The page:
Marenco Suri Dogliani Dolcetto bottlePiedmont (or Piemonte) is famous for its red wines made with the Nebbiolo grape: Barolo and Barberesco. Both small regions, near the town of Alba make sought after and expensive wines that, traditionally made, take a good decade of aging to come into their own. Less well known, are the softer reds of Piedmont, made with grapes like Barberra, Friesa and Dolcetto. Unlike the thick skinned Nebbiolo, these grapes make wines that mature quickly and are ready to drink within a few years of harvest. In the past (and increasingly now) they would have been used to blend with the powerful Nebbiolo, but as winemakers have experienced a revolution in understanding how to make wine in the last 40 or years, these “lesser” varietals of red wine grapes are coming in to their own. That’s good news, and even better news is that wines like the 2011 Marenco Surì Dogliani ($17.95 – LCBO# 384040) offer lovely, food friendly and fruit forward wines that reflect the terroir of Piedmont for a fraction of the price of their more famous cousins.

Dogliani is both a town southwest of Alba and a wine region specific to the Dolcetto grape. It was recognized as a full blown denominazione di origine controllata, or ‘DOCG’  as late as 2005. The 2011 Surì is, I think, a perfect example of the grape and region, with a pronounced black cherry flavour, balanced with just a touch of bitterness and a bit of saltiness, or as they say “minerality”. It goes down easy, which is why it’s a good thing that’s it’s built for the table. It’s versatile enough to accompany the full specturm of foods that go with red wine from red sauce pastas to steak. This is a friendly wine that will take to pretty much whatever you serve it with. Look for a bottle at an LCBO near you by clicking here.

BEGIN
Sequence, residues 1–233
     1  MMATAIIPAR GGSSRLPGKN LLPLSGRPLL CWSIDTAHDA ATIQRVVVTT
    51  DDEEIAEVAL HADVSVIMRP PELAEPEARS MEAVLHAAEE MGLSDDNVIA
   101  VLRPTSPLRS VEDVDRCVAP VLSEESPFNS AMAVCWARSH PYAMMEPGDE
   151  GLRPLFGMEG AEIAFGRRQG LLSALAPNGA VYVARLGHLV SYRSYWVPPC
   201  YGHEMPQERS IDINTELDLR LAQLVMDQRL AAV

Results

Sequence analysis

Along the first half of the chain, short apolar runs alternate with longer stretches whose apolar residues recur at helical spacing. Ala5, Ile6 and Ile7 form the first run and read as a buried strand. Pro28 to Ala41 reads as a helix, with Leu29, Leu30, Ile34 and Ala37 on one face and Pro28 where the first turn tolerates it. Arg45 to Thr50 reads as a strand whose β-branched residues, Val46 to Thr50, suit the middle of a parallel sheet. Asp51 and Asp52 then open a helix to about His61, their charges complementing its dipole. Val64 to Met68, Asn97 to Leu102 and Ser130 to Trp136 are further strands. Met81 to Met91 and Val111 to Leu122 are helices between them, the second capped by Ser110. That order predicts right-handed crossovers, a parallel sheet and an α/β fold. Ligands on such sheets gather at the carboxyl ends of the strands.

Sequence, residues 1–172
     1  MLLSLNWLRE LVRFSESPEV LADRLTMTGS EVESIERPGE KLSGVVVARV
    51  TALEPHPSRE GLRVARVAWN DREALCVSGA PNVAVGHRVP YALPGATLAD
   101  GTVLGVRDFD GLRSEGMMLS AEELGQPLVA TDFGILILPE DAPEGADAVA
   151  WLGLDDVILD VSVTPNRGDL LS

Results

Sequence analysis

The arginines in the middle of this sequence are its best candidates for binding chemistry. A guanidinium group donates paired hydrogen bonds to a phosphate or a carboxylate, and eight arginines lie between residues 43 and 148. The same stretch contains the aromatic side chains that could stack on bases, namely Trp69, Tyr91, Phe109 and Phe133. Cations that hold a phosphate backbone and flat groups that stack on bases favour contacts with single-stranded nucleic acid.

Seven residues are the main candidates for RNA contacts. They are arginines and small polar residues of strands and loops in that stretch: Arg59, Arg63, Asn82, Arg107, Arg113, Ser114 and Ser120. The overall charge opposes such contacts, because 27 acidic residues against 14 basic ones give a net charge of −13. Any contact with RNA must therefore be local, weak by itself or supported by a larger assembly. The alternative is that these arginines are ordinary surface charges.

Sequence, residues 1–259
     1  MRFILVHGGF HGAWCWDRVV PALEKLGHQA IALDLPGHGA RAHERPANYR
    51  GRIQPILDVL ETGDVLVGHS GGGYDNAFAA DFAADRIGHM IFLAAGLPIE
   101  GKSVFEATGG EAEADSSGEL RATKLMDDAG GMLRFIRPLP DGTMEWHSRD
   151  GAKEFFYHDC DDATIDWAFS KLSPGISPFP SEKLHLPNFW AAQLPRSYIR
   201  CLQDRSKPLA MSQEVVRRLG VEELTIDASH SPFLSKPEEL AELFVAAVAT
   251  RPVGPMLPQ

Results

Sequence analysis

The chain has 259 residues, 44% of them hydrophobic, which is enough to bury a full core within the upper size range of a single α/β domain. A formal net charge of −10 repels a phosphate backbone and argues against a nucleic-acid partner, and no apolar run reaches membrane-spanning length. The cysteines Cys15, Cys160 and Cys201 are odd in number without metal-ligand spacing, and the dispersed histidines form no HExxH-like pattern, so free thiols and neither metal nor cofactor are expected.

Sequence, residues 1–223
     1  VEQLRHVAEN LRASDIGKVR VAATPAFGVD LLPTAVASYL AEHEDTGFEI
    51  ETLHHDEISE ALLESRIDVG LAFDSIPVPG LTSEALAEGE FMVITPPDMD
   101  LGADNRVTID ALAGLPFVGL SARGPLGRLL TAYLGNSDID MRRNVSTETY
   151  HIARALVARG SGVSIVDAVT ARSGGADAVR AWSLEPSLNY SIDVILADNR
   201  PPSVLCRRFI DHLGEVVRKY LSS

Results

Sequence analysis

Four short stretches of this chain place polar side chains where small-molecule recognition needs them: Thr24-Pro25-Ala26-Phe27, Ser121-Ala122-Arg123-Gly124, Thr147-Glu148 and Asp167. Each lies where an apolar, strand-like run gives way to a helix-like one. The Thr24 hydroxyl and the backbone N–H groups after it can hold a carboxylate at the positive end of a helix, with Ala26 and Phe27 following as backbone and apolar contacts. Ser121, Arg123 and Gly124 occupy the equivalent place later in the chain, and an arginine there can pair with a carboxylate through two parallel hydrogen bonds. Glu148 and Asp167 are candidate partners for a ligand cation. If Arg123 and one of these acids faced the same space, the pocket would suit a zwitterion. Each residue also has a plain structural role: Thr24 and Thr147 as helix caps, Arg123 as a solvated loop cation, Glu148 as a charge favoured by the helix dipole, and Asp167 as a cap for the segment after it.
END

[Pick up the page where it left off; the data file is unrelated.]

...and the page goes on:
Malcolm Jolley is a founding editor of Good Food Revolution and Executive Director of Good Food Media, the company that publishes it. Follow him on Twitter or Facebook.